CTS 2003-2005



Your vehicle was supplied with a jack for emergency tire changing. This jack is adequate for changing a flat tire or other short term procedures-NOT REQUIRING YOU TO GO UNDER THE VEHICLE. DO NOT attempt to use this jack on any portion of the vehicle other than specified by the vehicle manufacturer. Always block the diagonally opposite wheel when using a jack.

A more convenient way of jacking is the use of a garage type floor jack. You may use the floor jack to lift the front of the vehicle by positioning the jack in the center of the front crossmember. When raising the rear of the vehicle, position the jack on the rear jack pad.

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Fig. When raising the front of your vehicle, position the jack in the center of the crossmember.

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Fig. Another view of a floor jack lifting at the front crossmember

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Fig. Position the floor jack on the rear jack pad to raise the rear of the car

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Fig. Another view of a floor jack lifting at the rear crossmember jacking pad

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Fig. This safety stand has been solidly placed under a boxed section of the front sub-frame

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Fig. This safety stand has been placed where several pieces of sheetmetal come together to form a seam, called a "pinchweld". Some safety stands have a pronounced groove to accommodate pinchwelds

Never place the jack under the radiator, engine or transmission components. Severe and expensive damage will result when the jack is raised. Additionally, never jack under the floorpan or bodywork; the metal will deform.

Do not place any jack under the engine oil pan, even with a so-called "protective" block of wood. The clearance between the oil pan the oil pickup assembly is very small and attempting to jack under the engine, for any reason, will cause damage to the engine oil pump pickup.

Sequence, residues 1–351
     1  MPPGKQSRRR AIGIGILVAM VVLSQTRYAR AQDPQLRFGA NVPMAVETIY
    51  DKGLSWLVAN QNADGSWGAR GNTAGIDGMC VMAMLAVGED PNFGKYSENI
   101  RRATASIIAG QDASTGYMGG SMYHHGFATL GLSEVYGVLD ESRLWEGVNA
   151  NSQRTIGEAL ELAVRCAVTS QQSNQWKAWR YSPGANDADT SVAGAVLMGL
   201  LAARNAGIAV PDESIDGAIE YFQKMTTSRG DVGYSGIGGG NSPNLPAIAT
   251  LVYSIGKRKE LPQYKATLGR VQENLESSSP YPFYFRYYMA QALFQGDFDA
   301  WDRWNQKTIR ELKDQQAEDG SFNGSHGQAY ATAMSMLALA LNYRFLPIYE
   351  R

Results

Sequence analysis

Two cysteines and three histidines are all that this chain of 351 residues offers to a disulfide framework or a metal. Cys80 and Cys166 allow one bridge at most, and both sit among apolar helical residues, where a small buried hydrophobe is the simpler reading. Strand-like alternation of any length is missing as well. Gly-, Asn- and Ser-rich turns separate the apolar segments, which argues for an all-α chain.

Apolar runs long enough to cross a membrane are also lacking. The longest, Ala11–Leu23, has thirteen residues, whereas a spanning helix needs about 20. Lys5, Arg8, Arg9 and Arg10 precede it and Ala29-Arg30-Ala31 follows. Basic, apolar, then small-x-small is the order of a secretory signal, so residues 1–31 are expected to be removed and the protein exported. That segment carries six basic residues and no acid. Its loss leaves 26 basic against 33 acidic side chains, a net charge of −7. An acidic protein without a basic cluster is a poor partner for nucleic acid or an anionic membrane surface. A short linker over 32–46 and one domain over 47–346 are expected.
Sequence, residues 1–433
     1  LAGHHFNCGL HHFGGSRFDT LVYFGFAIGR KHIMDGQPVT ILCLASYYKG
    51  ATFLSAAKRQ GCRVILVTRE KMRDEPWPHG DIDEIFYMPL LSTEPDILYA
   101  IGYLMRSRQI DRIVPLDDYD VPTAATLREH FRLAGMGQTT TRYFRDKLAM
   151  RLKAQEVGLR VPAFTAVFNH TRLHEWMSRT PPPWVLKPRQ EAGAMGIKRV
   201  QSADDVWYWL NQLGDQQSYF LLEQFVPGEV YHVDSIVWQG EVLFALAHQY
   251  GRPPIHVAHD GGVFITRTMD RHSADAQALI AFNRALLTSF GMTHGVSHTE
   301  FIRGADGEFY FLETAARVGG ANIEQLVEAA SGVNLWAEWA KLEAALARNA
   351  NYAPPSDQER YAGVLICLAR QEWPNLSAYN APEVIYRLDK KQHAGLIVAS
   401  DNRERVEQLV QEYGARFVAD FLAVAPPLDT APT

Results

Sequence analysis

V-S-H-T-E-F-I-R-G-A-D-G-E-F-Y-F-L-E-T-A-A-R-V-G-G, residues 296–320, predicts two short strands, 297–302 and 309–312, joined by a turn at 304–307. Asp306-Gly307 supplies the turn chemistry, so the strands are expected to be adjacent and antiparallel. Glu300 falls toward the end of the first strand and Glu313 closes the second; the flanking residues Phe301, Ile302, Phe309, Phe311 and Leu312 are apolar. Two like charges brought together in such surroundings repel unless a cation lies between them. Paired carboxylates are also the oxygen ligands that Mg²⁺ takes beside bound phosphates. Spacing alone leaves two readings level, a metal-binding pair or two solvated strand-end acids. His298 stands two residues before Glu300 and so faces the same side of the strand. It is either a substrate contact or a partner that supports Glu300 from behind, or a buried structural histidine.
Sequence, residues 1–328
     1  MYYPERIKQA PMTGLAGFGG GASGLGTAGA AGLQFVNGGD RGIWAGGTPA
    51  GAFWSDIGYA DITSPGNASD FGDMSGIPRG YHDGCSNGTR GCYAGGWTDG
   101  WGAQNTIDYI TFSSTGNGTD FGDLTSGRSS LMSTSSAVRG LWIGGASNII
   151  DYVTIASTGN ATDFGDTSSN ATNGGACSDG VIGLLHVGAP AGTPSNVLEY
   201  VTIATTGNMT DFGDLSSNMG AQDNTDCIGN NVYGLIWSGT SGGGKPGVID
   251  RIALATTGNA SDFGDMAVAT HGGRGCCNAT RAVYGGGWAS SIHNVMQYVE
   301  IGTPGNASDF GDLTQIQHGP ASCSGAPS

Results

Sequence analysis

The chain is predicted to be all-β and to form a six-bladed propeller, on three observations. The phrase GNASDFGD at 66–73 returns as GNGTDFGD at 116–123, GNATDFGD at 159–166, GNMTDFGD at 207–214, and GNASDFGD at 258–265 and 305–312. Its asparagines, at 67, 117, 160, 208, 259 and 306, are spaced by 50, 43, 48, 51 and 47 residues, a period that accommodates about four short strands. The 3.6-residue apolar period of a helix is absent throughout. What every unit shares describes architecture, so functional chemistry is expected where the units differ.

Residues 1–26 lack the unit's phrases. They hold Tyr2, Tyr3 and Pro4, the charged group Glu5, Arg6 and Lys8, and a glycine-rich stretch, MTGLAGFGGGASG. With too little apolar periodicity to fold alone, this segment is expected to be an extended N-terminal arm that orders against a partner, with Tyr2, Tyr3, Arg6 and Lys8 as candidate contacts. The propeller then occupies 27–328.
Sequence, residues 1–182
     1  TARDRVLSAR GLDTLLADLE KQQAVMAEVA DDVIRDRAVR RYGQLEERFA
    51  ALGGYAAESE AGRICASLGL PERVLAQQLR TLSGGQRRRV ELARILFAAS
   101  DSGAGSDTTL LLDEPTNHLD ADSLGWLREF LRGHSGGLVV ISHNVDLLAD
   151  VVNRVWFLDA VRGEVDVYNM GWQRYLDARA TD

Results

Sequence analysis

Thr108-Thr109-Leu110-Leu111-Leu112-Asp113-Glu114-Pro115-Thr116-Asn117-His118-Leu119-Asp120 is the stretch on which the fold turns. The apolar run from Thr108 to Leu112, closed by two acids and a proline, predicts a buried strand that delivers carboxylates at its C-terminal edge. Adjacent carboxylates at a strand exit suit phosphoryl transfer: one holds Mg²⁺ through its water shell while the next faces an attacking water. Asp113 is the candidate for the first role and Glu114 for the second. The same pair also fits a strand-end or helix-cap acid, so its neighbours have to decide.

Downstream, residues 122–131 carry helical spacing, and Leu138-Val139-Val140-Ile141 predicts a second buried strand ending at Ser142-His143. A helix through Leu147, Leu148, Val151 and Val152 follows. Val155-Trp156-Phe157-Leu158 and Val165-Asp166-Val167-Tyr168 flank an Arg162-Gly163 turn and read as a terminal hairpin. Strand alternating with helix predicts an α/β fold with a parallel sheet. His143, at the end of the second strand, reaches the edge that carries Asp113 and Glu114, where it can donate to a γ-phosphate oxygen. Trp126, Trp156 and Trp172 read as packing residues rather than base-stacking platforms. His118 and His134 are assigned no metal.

Whenever you plan to work under the vehicle, you must support it on jackstands (safety stands) or ramps. Never use cinder blocks (they crumble easily) or stacks of wood to support the vehicle, even if you are only going to be under it for a few minutes. Never crawl under the vehicle when it is supported only by the tire-changing jack or the floor jack.

Drive-on ramps are a handy and safe way to raise and support the vehicle. Use caution, since some ramps may be steep enough that some portion of the lower front bodywork may scrape when driving onto the ramps. Never support the vehicle by any suspension member (unless specifically instructed to do so).

Jacking Precautions

The following safety points cannot be overemphasized:

Always block the opposite wheel or wheels to keep the vehicle from rolling off the jack.
When raising the front of the vehicle, firmly apply the parking brake, which works on the back wheels.
When the front drive wheels are to remain on the ground, place the shift lever in the PARK position to lock the transaxle, to keep the front wheels from rolling.
Always use jackstands to support the vehicle while you are working underneath. Place the stands beneath the vehicle's jacking brackets. Before getting under the vehicle, rock the vehicle a small amount to make sure it is firmly supported.
When supporting the vehicle with jackstands, the supports should be placed under the body pinchwelds or similar strong and stable structure. The vehicle should be on a clean, hard, level surface before any lifting procedure begins. All lifting equipment MUST be in good working order. Make sure all vehicle loads are equally distributed and secure. Note that the center of gravity of front wheel drive cars is further forward than on rear-drive vehicles.
When jacking or lifting a vehicle at the prescribed lift points, be certain that the jack and/or safety stands do not contact the exhaust system, brake pipes, cables, fuel lines or underbody. Such contact may result in damage or unsatisfactory vehicle performance.